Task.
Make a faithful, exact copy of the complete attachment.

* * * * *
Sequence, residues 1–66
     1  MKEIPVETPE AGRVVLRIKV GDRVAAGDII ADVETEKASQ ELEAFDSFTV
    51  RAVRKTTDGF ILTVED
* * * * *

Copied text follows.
Sequence, residues 1–66
     1  MKEIPVETPE AGRVVLRIKV GDRVAAGDII ADVETEKASQ ELEAFDSFTV
    51  RAVRKTTDGF ILTVED